He was belatedly gripped by poetry, but how: for Flemish poet and street musician Geert Viaene (1963), poetry has now become a condition of life. 'A chord has been struck that still can't stop vibrating.' From this late bloomer, who published on digital forum The Sifted Poem, recently published the debut collection Claim times.
Viaene understands the art of being outspoken in the inexpressible and elevating the unspeakable to power. Or, to paraphrase Spinvis: In the silence between words is a beautiful poem:
IN THE BLANK LINES
Is there something rather than nothing. Therefore
we are silent. I interrupt
not you now, mum, speak up.
Just pretend you are somewhere else
are and that you forget me, that you forget me
forgot I understand, because you think I
Still be your little boy.
You are as old as when the earth
disappeared beneath me. I knew, you will stay
not in that wooden box. Quicksilver
in your vocabulary you have in me
woven. You jacked me up. You were silent.
Teacher and pupil
In mid-February, the Claim times presented for Belgium at the Ghent Poetry Centre. Daniel Billiet, founder of the Poëziekrant and the Ghent Poetry Centre, among others, provided an introductory word. Billiet, who is also a major influence on youth poetry, is an inspiration to many; Geert Viaene also became captivated by poetry under Billiet's inspiring influence. For A Quattro Mani, the teacher interviewed his pupil.
Most poets debut at a young, or even very young age. You are what is called a late bloomer. Do you have any idea why it took you so long to start writing poetry? And what triggered you?
'Before I wrote poetry, I found pleasure in improvisational theatre. The audience sketches the character of a character, drops this character to a certain time in circumstances that everyone may or may not be familiar with, and you go with that. This creates an alienating experience that you also sometimes experience in poetry. As in poetry, it comes down to portraying this combination of factors believably. You hold up a mirror to the audience and shift the squares they indicate so that new meanings arise automatically.'
'I have difficulty memorising texts, but I did learn in this kind of theatre to respond (quickly) to associations. In fact, I was already working with language there too, albeit under a different form. The writing itself started thanks to the 366 writing assignments you put together at the initiative of Creative Writing in 2012. One of the assignments, in which you suggested smuggling a deceased person into the poem and playing a role, struck a chord for me that still can't stop vibrating.'
'Besides playing with language, poetry allows you to create a recognisable situation from which you start. Although my mother died back in 1992, she has only taken an important role in my writing since 2012. Before this, of course, she was not out of my thoughts, but I did not yet know that I could do something with this loss.'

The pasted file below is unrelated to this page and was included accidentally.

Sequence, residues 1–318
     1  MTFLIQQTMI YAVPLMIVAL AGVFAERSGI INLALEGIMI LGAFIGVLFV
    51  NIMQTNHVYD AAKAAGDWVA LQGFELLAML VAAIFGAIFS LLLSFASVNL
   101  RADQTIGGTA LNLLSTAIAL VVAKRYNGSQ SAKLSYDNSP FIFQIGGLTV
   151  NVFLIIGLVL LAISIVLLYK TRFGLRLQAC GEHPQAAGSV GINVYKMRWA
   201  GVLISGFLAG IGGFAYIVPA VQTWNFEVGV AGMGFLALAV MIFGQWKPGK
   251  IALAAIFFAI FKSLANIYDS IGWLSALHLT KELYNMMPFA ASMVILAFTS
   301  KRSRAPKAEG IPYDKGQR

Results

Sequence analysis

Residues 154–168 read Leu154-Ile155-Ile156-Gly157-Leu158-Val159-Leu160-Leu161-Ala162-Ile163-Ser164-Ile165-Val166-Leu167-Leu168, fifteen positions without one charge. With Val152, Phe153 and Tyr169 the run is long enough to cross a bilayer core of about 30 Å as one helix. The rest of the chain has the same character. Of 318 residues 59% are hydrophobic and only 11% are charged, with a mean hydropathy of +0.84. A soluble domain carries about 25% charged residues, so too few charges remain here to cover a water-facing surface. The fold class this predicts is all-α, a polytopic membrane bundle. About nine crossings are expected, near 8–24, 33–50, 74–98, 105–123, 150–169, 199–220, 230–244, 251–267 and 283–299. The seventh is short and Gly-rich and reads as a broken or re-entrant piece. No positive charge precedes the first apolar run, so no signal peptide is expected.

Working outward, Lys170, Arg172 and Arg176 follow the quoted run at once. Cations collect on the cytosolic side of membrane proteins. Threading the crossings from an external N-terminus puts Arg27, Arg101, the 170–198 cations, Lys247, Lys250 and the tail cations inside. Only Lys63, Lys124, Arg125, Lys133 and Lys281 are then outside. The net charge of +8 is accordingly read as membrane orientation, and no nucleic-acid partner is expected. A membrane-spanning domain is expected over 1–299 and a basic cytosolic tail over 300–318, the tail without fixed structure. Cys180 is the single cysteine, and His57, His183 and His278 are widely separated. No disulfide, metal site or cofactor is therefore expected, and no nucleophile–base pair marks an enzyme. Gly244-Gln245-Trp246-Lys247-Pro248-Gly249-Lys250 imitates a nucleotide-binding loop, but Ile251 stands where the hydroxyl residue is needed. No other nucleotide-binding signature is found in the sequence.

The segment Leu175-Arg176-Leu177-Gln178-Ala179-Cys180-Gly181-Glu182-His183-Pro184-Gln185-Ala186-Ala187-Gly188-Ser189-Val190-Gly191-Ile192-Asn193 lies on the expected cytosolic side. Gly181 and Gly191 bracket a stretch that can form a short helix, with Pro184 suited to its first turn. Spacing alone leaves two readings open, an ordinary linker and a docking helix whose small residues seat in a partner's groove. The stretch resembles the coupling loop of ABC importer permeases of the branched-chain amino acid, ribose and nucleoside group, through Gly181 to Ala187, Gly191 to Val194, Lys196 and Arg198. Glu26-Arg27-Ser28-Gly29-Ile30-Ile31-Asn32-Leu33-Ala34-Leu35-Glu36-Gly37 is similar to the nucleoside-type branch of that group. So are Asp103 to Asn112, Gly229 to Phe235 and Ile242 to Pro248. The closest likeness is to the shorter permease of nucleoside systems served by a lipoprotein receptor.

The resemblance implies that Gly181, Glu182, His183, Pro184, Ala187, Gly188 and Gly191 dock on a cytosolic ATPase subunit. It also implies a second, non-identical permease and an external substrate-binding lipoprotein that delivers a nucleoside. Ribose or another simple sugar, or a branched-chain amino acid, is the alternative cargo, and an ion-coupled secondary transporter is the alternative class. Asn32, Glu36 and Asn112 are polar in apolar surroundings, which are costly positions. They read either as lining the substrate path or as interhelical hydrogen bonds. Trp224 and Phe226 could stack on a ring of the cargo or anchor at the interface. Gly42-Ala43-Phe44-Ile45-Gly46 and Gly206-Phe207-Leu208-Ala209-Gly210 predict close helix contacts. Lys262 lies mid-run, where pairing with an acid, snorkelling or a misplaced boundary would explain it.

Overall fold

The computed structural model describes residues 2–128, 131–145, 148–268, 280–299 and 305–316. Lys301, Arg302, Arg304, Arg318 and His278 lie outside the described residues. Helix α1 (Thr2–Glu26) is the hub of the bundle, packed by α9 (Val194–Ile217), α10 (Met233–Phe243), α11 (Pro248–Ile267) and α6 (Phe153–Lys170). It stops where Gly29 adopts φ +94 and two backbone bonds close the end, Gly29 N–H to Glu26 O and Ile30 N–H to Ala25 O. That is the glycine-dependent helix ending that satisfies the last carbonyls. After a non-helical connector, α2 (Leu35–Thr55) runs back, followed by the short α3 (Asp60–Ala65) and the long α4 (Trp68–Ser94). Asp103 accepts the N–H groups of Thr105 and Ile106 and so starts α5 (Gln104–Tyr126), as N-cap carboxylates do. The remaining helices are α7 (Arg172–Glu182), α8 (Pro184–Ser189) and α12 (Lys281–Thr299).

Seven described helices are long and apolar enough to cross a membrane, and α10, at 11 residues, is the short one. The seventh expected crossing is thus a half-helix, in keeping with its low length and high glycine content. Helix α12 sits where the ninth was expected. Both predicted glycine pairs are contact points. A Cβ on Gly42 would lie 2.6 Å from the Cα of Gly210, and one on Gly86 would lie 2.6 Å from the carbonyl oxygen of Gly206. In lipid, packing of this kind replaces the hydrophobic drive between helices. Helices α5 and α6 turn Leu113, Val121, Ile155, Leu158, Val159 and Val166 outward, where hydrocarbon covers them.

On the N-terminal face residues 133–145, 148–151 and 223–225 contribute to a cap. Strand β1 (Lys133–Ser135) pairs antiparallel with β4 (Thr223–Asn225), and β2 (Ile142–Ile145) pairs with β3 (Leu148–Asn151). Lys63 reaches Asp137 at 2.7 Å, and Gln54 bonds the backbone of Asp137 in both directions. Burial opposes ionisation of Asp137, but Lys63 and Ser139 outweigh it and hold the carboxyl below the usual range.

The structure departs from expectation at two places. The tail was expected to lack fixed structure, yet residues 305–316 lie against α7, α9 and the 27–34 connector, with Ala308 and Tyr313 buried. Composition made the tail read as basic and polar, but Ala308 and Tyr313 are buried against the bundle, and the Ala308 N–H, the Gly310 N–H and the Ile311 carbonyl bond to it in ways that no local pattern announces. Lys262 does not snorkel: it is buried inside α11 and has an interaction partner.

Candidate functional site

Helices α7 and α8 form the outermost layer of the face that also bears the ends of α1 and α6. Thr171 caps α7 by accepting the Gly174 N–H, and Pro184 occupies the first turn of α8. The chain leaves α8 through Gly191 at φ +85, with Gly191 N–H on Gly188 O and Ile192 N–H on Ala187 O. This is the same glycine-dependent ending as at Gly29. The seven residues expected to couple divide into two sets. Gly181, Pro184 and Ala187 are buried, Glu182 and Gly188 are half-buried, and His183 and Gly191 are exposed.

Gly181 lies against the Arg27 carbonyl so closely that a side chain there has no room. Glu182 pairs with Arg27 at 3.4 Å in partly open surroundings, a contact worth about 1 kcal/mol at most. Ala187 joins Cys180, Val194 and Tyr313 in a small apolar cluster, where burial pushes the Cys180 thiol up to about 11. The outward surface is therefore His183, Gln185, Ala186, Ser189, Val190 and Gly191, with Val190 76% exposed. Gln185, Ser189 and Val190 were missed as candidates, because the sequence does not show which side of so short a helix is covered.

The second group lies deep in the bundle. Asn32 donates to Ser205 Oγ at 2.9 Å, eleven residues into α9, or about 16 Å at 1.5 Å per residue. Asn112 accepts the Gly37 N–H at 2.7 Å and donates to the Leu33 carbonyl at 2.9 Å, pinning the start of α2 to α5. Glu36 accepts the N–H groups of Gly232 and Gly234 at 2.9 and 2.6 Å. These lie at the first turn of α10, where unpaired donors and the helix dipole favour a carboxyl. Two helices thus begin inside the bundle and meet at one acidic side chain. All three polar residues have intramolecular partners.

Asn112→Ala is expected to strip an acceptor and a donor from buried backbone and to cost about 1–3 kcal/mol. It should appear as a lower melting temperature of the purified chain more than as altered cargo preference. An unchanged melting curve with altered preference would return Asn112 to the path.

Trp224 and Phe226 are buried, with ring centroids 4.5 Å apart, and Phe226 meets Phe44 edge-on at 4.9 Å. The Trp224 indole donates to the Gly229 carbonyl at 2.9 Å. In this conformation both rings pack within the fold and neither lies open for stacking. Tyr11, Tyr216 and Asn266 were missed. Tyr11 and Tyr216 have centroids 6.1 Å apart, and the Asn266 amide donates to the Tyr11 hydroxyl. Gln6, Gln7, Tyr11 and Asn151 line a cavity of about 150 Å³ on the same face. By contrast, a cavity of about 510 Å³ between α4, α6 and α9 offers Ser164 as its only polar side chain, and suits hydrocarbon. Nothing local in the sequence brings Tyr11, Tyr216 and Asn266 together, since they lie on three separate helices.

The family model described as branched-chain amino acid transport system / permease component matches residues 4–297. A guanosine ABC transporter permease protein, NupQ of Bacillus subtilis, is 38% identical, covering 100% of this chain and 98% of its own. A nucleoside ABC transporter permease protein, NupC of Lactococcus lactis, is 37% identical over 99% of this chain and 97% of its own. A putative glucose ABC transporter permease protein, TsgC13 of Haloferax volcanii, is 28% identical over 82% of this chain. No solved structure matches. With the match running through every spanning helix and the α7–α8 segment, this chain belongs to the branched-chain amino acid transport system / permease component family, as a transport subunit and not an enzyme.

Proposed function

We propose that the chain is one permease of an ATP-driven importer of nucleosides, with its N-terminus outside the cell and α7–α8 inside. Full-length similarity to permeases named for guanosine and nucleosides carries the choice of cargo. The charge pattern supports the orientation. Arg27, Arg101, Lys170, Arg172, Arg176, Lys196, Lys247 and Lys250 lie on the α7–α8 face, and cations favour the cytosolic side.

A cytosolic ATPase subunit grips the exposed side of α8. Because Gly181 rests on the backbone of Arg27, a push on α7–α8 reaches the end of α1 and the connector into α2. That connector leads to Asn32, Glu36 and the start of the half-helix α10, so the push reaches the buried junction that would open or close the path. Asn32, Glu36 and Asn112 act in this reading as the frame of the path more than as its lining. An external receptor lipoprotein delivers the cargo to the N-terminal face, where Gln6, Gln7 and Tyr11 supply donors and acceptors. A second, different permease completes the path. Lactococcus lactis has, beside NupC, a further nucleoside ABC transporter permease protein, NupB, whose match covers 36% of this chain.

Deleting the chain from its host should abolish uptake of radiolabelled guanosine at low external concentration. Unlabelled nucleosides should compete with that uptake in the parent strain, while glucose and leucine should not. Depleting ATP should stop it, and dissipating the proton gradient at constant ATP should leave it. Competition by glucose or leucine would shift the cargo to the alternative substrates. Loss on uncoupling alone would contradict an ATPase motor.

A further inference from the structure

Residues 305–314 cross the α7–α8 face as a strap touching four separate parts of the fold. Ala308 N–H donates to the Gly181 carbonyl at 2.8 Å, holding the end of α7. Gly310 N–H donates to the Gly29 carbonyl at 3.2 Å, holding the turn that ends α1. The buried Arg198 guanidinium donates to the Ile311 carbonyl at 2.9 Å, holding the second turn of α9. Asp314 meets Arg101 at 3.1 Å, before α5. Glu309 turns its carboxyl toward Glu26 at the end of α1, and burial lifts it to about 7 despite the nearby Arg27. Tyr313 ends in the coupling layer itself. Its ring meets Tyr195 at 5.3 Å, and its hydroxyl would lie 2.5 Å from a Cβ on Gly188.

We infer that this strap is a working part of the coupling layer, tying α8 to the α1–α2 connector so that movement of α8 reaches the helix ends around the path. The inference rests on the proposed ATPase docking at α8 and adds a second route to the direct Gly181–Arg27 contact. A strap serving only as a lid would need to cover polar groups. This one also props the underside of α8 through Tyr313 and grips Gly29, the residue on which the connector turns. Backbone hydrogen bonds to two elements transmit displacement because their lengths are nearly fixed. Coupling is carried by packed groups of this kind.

A PHOTO SMILE
It's the middle of summer. Austria. The picture
has since yellowed somewhat. There we are
At the foot of the Großglockner. A high mountain-
top in the mist shows its white tongue on which the sun
plunges. Merciless is also the bitterly cold wind.
In shorts, we are still young, next to mum, dad.
The glacier is shrinking. The glacier slides. The glacier
lives. Under a mass of flowing ice, white oozes
blood, meanders into the plain. We want in eternal
playing snow. Mum picks up a pebble, puts it
In my hand. My brother wears big sunglasses
with gold trim in front of the camera and we pose.
November 5. A nurse puts fresh sheets
On the bed. Mum lies peacefully, fingers interlocked
woven. I return the small stone. She sleeps
with her clothes on. There we are alone.
Around her stiff lips that same cool grin.
You're up in those grey clouds now, Mum.
Your poems excellently manage to stay away from sentimental trappings and corny. Do you have a particular approach or formula for that?
'Writing takes practice. You can prepare for a challenge to write around a certain theme by experimenting. Like in a cooking competition, it often fails at first. You don't always know why it is that your sauce is not fluffy enough until you pull out a recipe that says how many spoonfuls of flour it is best to use.'
'In poetry workshops, teachers point out that it is better to avoid "big words", such as infatuation, sadness, fear. You can give this feeling a face. Actually, anything is possible, as long as you try in a clear way not to say what it is about. By this I mean that you just don't explicitly name what you mean (the 'show, don't tell principle', at first I didn't quite understand what was meant by this) but transform this state of mind into, say, an action.
You turn the slow movements of a glacier into a mountain tongue that links you to a trip you took to Austria in your youth. You can still see yourself standing there in shorts with your glittering sunglasses next to your brother and parents. By catapulting certain events to another time, you get a layering; besides, you also have the double meanings of a word that help shape the sketch. Every letter, every space and certainly also the omission of words by replacing them with words you automatically think of, help with this.'